Cherrie’s sound and style are largely influenced by female R&B artists of the late ’90s and early ’00s, and she nods to them when she works some throwback style in the video, pairing an Adidas tracksuit with huge hoops. “When it comes to fashion and the visual aesthetics, you can tell Aaliyah’s been a huge inspiration,” Cherrie tells Vogue. “Aaliyah and Ciara from the early 2000s—the ‘Like a Boy’ video.” Another major influence on the artist’s look is her dance training. “I didn’t even wear makeup until I was 21 because I always used to sweat in my dance lessons, so I was like, I’d rather just not wear [any].” She still keeps her beauty routine to a minimum, relying on water and a pharmacy-bought moisturizer, eyeliner, mascara, and brow definer. “I think a lot of the way I look in the videos and how I like to dress comes from wanting to be comfortable because you have to be able to dance,” says Cherrie.

The singer also takes style cues from Rinkeby, where, she says, “People are just mixing and making their own sense of style and slang and culture.” One of her recent purchases was a pair of old-school Nike TN sneakers. “I always used to see people wearing them in Rinkeby, and then when I came to Paris, it was the same thing. European hoods,” Cherrie adds, “have their own style, and it’s always influenced by African and Middle Eastern culture.” The singer counts Iman, Waris Dirie, and Halima Aden as Somali women whom she admires, and credits social media with creating a platform that has helped her to connect with her heritage; in turn, she has been supported by people who have found her through the channel. Cherrie understands the importance of role models because, she explains, “I know what it did to me not having that.”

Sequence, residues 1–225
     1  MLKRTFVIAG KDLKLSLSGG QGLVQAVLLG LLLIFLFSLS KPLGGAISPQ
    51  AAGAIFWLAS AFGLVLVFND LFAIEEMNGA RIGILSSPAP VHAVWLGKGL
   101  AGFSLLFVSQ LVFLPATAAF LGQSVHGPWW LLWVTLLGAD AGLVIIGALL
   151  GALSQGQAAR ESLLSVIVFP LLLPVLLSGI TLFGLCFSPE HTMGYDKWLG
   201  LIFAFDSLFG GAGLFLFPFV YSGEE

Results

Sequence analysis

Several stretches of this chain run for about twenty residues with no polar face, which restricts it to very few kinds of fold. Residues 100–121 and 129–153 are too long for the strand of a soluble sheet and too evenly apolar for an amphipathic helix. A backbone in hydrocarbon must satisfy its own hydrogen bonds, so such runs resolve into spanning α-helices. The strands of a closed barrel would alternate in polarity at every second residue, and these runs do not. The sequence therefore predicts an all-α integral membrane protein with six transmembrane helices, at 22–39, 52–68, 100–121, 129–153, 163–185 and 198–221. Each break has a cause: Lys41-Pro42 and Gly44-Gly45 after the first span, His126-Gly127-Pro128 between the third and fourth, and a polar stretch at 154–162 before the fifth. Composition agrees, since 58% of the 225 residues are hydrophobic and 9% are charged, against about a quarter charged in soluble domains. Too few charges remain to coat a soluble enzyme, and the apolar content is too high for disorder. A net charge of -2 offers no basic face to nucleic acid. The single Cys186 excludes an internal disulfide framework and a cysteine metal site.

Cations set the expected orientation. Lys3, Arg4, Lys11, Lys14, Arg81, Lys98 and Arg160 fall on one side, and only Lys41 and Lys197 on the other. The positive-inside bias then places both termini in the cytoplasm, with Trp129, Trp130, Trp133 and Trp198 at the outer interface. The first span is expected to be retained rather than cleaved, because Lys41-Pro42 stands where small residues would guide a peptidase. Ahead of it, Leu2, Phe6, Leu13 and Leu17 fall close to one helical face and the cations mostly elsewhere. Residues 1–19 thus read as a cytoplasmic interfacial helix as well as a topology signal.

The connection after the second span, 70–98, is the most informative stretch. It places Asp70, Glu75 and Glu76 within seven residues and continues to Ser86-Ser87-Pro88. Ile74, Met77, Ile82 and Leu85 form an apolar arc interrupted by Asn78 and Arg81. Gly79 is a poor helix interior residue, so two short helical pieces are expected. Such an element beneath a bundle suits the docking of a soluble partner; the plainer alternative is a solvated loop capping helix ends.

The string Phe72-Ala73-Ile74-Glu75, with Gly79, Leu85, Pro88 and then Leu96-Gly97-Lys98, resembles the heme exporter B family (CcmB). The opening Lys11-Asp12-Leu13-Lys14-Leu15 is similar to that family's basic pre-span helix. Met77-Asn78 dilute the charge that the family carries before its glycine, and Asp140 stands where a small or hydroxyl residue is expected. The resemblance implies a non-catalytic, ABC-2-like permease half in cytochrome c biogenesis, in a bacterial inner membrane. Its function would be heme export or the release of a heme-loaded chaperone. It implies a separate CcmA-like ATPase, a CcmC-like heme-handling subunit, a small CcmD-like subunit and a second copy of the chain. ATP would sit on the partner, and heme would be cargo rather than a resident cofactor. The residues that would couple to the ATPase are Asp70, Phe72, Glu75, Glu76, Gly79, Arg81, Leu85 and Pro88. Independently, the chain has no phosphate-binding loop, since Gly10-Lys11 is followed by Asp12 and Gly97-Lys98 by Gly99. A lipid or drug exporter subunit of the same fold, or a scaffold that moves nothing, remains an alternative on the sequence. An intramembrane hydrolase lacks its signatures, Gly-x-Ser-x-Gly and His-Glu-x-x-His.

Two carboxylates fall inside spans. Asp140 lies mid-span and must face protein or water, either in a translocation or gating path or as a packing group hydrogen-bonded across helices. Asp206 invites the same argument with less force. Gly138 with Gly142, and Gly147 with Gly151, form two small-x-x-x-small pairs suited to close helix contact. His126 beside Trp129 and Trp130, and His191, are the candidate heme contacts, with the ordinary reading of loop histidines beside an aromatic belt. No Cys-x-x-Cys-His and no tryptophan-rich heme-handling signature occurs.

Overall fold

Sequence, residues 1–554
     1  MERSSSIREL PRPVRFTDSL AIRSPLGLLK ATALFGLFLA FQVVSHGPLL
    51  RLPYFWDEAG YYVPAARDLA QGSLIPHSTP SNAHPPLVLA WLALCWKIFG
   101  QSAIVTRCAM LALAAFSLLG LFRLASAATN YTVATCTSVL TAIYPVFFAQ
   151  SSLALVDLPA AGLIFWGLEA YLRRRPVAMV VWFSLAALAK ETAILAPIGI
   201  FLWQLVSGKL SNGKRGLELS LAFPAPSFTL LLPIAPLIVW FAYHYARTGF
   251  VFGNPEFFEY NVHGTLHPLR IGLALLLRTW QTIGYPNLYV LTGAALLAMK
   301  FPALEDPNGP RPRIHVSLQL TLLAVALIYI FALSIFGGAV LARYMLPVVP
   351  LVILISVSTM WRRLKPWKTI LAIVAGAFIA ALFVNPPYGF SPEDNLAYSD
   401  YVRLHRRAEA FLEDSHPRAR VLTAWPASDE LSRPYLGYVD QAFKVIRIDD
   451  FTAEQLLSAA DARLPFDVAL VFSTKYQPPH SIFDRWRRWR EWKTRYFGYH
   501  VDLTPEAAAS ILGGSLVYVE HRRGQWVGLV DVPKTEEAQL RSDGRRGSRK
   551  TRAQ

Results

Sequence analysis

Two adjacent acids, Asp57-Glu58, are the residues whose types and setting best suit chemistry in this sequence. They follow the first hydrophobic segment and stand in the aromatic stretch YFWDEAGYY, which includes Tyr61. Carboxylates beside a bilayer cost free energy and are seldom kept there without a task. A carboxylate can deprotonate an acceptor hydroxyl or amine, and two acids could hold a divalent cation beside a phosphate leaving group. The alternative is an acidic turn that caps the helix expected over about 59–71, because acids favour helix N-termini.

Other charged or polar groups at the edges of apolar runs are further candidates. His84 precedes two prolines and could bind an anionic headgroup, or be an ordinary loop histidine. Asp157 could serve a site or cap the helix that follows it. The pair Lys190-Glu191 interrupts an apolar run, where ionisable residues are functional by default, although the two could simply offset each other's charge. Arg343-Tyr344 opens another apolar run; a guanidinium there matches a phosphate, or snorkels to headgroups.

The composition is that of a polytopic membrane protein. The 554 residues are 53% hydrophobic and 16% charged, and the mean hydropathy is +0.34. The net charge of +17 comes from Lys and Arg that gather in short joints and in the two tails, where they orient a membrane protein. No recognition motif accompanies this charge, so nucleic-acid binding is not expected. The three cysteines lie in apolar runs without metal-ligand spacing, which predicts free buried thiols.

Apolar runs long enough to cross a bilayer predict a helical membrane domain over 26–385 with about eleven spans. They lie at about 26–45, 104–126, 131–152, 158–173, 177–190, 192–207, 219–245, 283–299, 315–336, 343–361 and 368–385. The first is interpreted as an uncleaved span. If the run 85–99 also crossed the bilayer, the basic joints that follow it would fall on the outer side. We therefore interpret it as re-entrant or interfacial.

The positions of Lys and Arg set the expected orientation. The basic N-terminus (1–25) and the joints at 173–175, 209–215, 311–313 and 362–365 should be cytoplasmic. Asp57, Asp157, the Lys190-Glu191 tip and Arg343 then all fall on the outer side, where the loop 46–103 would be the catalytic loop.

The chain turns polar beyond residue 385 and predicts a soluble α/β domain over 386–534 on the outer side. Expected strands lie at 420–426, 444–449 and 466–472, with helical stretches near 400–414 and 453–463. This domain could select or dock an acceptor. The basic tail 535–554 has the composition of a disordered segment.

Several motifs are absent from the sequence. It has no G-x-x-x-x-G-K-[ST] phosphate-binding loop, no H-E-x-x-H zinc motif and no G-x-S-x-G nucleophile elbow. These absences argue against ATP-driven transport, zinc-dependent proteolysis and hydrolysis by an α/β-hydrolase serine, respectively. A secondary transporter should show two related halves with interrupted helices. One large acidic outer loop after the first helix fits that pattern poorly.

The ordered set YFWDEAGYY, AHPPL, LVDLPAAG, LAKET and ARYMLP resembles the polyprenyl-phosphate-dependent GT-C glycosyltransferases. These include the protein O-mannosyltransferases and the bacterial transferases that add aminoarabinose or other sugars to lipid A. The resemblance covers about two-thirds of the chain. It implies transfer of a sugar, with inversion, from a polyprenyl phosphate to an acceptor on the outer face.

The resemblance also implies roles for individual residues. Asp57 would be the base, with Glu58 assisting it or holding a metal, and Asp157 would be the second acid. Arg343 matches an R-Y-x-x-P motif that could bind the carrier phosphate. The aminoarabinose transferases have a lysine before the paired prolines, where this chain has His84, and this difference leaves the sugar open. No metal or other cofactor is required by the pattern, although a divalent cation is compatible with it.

The “third culture” idea (referring to children who are raised in a culture different from their parents’ or different than the one on their passport) is one that Cherrie has built her career upon. “I remember being a young girl and having parents of African heritage but living in a Scandinavian white city with almost no black people: You’d be confused ’cause you’re not at home there, but if I went back to Africa, I wouldn’t be 100 percent home there—because I’ve never been there, right? So, the third culture concept comes from creating your own culture of what you do have.” Cherrie goes back to Rinkeby when she can. “Some of my best friends are people who used to do really bad stuff and now they’ve turned their lives around somehow. We’ve all inspired each other. If the people who I grew up with find strength or comfort in my music, and my song might be the one that they listen to when they are doing their SATs and that kind of helps them—do you know what that does for me? That’s what makes me. I’m just trying to do something that will help me through helping others.”